A Rock and a Hard PlaceIt's 1940, early June, on the beaches of Dunkirk, northern France. Approximately 400,000 allied British and French troops are trapped by the sea on one side and the Nazis on the other.
They huddle on "the mole," a giant concrete pier, in dire need of evacuation back to Britain, as Nazi psych-warfare pamphlets rain down from the sky, sneering that they're basically all "fish in a barrel," ripe for imminent shooting and bombing.
War is often a lot of hurry-up-and-wait, and here that's portrayed to devastating effect—thousands of men, numb and in various states of post-traumatic stress disorder, with nowhere to run to, nowhere to hide.
The tale is told from three different perspectives—a SEAL perspective, if you will: stories from the sea, air, and land.
This sea story is of one Mr. Dawson (Mark Rylance), who owns a recreational boat but decides to captain it himself, bringing along his son, Peter (Tom Glynn-Carney), and Pete's buddy George (Barry Keoghan).
During their channel navigation, they rescue a stranded, profoundly shell-shocked soldier (Cillian Murphy) hunkered atop a sinking destroyer. Problem is, when the soldier finds out they're headed back to France to pick up more men, the situation becomes unhinged.
Royal Air Force pilot Farrier (Tom Hardy) is heroic and stoic in the grand aviator tradition of complete coolness under fire. When his fuel gauge is shot out, he improvises (with chalk-scribbled calculations) his fuel-supply check, then gets back to the business of being an apex hunter-killer of Nazi pilots.
It's a masterful and "mask-erful" turn. Hardy already displayed his ability to act straight through a huge mask in Nolan's "The Dark Night Rises," and here he reprises that ability by projecting a clear and subtle range of emotions from behind a pilot's oxygen mask.
He's largely silent, thereby functioning as our emotional avatar, putting us right in the action through his eyes and ears, representing the men on the ground.
Tommy is his squadron's sole survivor. He races through swarms of bullets while fleeing the town of Dunkirk, to the mole, where he eventually ends up within earshot of a British commander (Kenneth Branagh) in conversation, explaining why English help may not be ultimately forthcoming.
No Words Can Describe ItIt's all action, few words, and real basic. The emotional mule-kick of this movie lies in the timing, pacing, and above all, the sound effects and soundtrack, courtesy of world-class film composer Hans Zimmer.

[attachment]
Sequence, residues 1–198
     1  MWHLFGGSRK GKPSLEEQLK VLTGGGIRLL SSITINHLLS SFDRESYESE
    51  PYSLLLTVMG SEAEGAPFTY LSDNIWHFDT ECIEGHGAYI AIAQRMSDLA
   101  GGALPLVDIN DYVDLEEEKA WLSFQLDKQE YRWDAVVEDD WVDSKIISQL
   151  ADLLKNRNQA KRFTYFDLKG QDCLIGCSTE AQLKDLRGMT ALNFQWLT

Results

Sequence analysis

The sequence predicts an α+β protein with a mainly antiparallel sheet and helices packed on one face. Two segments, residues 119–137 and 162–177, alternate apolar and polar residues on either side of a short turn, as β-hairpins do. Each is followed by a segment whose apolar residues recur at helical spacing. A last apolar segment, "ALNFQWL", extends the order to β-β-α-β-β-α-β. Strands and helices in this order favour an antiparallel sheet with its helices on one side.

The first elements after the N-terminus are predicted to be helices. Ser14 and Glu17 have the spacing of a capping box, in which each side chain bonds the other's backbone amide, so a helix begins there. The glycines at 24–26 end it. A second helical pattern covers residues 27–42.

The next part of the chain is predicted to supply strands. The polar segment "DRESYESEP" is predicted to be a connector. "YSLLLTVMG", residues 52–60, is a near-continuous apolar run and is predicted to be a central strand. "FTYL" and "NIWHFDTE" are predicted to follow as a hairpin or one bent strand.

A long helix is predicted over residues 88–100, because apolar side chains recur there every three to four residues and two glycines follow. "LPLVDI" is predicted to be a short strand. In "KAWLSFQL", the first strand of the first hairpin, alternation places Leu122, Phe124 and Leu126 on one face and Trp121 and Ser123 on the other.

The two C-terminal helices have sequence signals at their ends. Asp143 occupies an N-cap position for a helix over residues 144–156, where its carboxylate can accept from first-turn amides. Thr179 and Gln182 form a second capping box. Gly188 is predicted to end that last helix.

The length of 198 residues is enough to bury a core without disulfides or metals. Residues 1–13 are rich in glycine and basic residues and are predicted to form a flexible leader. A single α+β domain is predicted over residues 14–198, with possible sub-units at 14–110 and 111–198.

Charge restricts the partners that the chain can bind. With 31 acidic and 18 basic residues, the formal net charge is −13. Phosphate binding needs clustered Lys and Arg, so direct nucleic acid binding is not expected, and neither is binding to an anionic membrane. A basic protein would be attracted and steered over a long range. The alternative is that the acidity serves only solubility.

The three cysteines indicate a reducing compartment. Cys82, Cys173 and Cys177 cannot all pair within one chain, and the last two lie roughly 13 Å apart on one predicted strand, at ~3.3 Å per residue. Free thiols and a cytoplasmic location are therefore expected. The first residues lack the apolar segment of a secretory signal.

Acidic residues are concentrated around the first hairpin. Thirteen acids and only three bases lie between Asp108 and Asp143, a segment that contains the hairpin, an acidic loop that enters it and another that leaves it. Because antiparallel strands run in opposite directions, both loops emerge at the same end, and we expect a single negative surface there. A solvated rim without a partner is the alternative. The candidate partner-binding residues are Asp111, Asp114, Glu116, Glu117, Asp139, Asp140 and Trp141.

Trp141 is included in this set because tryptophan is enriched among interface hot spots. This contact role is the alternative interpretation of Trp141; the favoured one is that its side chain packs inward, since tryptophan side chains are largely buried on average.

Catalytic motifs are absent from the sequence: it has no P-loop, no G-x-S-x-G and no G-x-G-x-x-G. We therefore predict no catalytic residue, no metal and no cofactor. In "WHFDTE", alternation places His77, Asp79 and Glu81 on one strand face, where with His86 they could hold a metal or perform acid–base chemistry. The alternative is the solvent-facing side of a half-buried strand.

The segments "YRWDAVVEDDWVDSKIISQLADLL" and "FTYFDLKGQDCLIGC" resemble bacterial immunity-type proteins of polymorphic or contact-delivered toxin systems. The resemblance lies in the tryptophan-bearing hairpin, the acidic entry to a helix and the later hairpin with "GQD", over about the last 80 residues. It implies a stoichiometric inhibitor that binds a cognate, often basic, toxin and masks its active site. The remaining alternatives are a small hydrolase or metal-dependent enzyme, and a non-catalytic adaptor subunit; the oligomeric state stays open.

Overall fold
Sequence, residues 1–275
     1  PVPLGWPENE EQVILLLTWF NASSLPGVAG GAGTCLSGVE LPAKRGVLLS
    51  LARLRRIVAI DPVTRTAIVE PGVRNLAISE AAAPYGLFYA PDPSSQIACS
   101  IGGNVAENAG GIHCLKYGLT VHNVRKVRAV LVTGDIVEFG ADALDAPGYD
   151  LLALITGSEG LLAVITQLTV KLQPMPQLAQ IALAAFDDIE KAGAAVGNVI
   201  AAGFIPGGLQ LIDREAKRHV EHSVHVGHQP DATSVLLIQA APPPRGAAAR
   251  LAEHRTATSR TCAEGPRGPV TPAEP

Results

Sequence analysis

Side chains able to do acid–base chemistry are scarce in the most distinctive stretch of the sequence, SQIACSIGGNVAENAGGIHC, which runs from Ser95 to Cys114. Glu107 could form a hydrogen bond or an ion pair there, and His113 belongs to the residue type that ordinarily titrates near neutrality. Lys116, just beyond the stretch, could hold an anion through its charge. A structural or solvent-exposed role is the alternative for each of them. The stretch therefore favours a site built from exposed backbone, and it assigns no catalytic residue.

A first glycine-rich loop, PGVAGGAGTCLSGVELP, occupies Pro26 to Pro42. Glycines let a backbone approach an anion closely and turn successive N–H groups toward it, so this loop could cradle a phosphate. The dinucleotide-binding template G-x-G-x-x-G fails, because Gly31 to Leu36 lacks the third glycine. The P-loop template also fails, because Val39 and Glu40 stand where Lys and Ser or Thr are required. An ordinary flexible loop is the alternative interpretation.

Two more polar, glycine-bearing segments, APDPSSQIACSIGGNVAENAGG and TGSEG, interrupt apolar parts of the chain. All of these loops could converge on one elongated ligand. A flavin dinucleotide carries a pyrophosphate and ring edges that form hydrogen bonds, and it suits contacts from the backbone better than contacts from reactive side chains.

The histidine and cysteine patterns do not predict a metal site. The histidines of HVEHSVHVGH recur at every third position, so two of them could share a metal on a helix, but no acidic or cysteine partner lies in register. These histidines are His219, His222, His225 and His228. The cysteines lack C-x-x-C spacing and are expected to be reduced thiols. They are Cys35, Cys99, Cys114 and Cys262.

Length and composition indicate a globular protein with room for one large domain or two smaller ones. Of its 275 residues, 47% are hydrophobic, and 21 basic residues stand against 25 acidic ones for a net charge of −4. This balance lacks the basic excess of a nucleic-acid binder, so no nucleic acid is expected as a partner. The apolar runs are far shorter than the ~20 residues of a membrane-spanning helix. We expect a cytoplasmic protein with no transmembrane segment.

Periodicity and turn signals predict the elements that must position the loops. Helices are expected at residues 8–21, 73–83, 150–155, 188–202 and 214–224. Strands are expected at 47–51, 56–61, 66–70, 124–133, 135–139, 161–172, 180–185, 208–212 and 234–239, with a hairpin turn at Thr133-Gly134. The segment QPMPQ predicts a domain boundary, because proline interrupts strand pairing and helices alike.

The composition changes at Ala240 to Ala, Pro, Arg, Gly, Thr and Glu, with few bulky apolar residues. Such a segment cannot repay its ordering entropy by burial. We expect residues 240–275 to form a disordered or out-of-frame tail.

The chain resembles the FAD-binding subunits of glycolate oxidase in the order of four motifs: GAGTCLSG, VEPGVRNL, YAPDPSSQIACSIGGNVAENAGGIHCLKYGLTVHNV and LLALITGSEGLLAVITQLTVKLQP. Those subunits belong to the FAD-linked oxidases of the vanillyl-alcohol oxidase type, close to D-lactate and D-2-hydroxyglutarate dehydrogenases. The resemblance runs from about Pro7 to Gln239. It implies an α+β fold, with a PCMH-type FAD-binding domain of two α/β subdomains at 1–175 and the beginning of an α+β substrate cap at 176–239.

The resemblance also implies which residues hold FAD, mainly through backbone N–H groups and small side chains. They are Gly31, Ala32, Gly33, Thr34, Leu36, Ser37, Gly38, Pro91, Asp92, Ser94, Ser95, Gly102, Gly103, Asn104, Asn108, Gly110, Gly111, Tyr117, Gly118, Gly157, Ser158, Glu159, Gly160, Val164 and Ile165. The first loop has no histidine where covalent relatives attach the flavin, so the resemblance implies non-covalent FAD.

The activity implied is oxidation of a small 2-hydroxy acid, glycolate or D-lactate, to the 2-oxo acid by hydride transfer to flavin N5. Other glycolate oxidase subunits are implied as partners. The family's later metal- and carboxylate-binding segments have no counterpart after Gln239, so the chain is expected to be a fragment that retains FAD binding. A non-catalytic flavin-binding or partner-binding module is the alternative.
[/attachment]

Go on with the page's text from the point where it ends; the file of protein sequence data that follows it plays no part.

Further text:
Zimmer captures the sound of a droning warplane engine, then reproduces it as an instrument unto itself—notes of warplane; fugue by Messerschmitt, if you will. The realism of gunfire sound went up a notch with 1995's "Heat," but Nolan takes rifle-round concussive vehemence, not to mention bombs tearing up the beach, to a new level.
The continuously escalating tension of the film has to do, in part, with recurring series of repetitive eighth notes on various instruments—for example, a pizzicato, double-stopping violin that starts slowly and increases in speed like a locomotive. It's unbelievably effective in turning up the dread-dial; it puts you right there.
In addition to this, Nolan and Zimmer add a smattering of almost horror-genre sound-effect eerieness. Just as some of the T-rex vocalizations in "Jurassic Park" had elements of human screaming, the dive-bombing planes and whistling bombs are accompanied by an earsplitting human-banshee shriek that will stand your hair on end.
A TributeIt's hard to categorize "Dunkirk." Grand piece of art? Or virtuoso nail-bite fest? It's both. While decidedly nerve-wracking and blood-pressure raising, you'll be glad you subjected yourself to the discomfort.
One does wish, at times, for a tiny bit of levity, a bit of fun in this epic tale. Even the great, gray, grim "Schindler's List" had scenes more in common with "Keystone Kops" than Greek tragedy. A smidgen of comedy only serves to underscore the tragedy more effectively.
In the end, it's Mark Rylance's Mr. Dawson who sets an example of compassion in the face of extreme violence, and who models the fact that it is the act of looking within, to find the cause of any human war, that provides hope for humanity.
Between Rylance's, Hardy's, and Branaugh's performances, heroism abounds. "Dunkirk" pays tribute to all who collectively saved the planet from Third Reich domination.
“Dunkirk” won many Oscars: Best Picture, director, cinematography, original score, film editing, sound editing, sound mixing, and production design.